Newman isn’t the only one inspired by European consumption of radlers and shandies. Scott Shirley, brewer at Harpoon Brewery’s Windsor, Vermont, brewery, enjoyed the style while traveling in Germany. “Sometimes at noon for lunch after a long night of drinking beers, a radler … gets you back on the horse a little bit.”
Harpoon’s UFO Big Squeeze Shandy, which uses the brewery’s UFO as a base, is 4.5% and is made with about 30 percent grapefruit juice. The juice is added post-fermentation as the beer is on its way to the bright tank, where it will condition and naturally carbonate. To ensure that there’s no post-packaging fermentation, the beer is flash-pasteurized. “It’s basically the same type of process you would use on milk. A multiple-stage heated chamber. We raise the temperature up to 160 degrees for a minute or two, then bring directly back down.
“It’s more of a beer drinking experience rather than a beer tasting experience,” he continues. The grapefruit doesn’t dominate the taste, and it’s complemented by the wheat beer background.
Taking a different route is Rhode Island’s Narragansett Brewing, which uses its flagship lager combined with lemon concentrate for its Del’s Shandy. “The cool thing about our lager is it’s much crisper, cleaner, and the lemon flavor flows through more clearly,” says Mark Hellendrung, president and CEO of Narragansett. A challenge when creating the 5% beer was the lemon flavor profile. The brewers wanted to balance the pulpy, juicy flavor with notes of lemon zest. “It was a challenge. We were working on it for a good six months.” This summer, Narragansett also released a limited-edition Black Cherry Shandy.
No matter the ingredients American brewers are using in their shandies and radlers, it’s clear most are focused on summertime, the outdoors, an enjoyable drinking experience and even community. Portland, Oregon, based Hopworks Urban Brewery instituted “National Radler Day” on June 22, a sort of radler appreciation day, for brewers and fans of the beverage.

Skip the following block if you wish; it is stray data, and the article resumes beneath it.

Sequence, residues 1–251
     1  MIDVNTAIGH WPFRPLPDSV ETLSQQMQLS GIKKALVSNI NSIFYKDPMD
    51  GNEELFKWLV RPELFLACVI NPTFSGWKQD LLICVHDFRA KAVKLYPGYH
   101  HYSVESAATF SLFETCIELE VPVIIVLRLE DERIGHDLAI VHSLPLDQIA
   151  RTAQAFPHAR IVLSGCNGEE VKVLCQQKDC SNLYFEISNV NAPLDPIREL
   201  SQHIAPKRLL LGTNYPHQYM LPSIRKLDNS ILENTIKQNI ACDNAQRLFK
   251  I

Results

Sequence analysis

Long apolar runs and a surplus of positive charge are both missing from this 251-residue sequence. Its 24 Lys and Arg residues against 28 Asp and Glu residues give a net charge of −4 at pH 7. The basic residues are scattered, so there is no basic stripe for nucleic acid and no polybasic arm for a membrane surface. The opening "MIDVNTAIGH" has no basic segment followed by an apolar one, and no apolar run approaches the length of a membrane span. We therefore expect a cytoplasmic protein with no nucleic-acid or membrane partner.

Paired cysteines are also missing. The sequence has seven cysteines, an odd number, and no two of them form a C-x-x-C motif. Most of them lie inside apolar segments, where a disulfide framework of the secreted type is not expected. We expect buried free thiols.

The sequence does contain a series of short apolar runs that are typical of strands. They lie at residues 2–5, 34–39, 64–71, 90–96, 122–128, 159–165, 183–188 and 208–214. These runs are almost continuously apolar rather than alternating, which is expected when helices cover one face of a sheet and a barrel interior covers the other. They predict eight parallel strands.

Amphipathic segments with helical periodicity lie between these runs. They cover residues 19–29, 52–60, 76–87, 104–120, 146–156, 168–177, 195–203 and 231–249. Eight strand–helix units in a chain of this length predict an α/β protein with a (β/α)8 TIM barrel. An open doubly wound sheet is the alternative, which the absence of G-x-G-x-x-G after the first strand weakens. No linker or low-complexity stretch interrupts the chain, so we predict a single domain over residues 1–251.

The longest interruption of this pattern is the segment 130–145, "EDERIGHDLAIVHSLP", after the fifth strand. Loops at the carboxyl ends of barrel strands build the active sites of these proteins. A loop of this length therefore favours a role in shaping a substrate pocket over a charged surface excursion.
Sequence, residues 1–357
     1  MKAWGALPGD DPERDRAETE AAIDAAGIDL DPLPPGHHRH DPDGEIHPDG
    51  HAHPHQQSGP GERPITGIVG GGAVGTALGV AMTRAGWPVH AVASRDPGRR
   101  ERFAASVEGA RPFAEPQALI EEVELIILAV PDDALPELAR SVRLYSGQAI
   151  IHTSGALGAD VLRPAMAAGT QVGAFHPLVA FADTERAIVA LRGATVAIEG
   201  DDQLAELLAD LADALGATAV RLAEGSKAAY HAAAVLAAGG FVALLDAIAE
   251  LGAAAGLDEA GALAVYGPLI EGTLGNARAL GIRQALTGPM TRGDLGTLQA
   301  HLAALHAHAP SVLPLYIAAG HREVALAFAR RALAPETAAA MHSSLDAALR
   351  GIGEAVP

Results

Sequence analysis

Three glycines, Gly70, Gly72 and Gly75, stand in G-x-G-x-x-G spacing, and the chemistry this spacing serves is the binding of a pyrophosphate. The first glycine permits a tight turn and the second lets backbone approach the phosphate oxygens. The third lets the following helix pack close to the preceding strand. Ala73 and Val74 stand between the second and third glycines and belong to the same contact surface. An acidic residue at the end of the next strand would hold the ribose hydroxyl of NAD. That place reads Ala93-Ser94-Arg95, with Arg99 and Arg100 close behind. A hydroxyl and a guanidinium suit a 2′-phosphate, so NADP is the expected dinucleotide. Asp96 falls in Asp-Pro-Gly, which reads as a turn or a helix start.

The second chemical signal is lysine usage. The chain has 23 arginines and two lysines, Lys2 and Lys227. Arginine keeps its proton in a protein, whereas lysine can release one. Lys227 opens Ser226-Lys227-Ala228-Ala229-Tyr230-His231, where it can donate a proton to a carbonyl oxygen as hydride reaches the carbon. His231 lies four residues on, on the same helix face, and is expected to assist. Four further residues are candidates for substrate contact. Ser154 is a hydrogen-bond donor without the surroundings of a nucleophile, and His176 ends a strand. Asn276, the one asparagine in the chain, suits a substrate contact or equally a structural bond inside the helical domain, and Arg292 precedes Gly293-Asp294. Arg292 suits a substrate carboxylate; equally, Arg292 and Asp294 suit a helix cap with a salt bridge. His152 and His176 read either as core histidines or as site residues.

“I think it’s about not taking beer too seriously,” says Lee Movic, owner of the website TeamRadler.org, which aggregates tweets that use #TeamRadler. While it’s unlikely that radlers or shandies will change the overall beer landscape, it’s a style worth looking forward to each summer, just like outdoor cookouts, days on the beach and afternoons at the ballpark.
“They’re easy to drink and they’re fun,” says Movic. Just how summer is supposed to be.
Narragansett Del’s ShandyABV: 4.7%
Tasting Notes: For adult drinkers of a certain age this beer will transport them back to childhood and that first lemon ice of summer. Bracingly cold, with faint, fresh citrus flavors causing the slightest involuntary pucker. Mouthwatering and a bit thin, it’s best when pulled out of an ice chest filled with near-freezing water and consumed straight from the can.
Hoppin’ Frog Turbo ShandyABV: 7%
Tasting Notes: Pale golden wheat in color, this presents more like a citrus soda—Sun Drop—in that it is a combination of many flavors and also high in sugar. Lime, lemon, tangerine and the slightest hint of peach are all here. The aroma, more like a scented candle than something occurring in nature, is the only slight drawback to this big punch of a shandy.
Boulevard Ginger-Lemon RadlerABV: 4.1%
Tasting Notes: This is refreshing and easy-drinking, like a small version of fresh ginger beer, and with a mouthwatering citrus pucker. The ginger is what makes this most interesting, it plays coy with taste buds. Usually very assertive, the flavor here is more like a long and lazy afternoon. Pair with lemongrass chicken skewers on the grill.
Harpoon UFO Big SqueezeABV: 4.5%
Tasting Notes: Harpoon wants you to know exactly what you’re getting into, so printed on the label in large type is: Beer + Grapefruit Juice. It certainly is. No missing the pink grapefruit aroma and flavor, but there’s more, like mango and fresh-squeezed lemon. A strong and acidic citrusy bite on the end keeps things interesting. Like the color of a sunset on a hazy, hot day.
Sarah Annese is a freelance writer. She blogs at BeerUnion.com and is an author of Beer Lover’s New York.